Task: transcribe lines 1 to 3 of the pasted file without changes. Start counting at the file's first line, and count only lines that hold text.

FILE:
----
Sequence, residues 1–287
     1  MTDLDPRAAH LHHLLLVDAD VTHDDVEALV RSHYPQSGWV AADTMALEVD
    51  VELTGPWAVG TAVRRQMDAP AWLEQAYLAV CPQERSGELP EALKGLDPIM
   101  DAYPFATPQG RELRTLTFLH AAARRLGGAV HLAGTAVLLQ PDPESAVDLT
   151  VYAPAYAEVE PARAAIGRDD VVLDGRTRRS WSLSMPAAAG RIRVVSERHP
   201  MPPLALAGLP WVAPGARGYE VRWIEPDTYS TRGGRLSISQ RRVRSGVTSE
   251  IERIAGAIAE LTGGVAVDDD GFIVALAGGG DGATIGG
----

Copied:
Sequence, residues 1–287
     1  MTDLDPRAAH LHHLLLVDAD VTHDDVEALV RSHYPQSGWV AADTMALEVD
    51  VELTGPWAVG TAVRRQMDAP AWLEQAYLAV CPQERSGELP EALKGLDPIM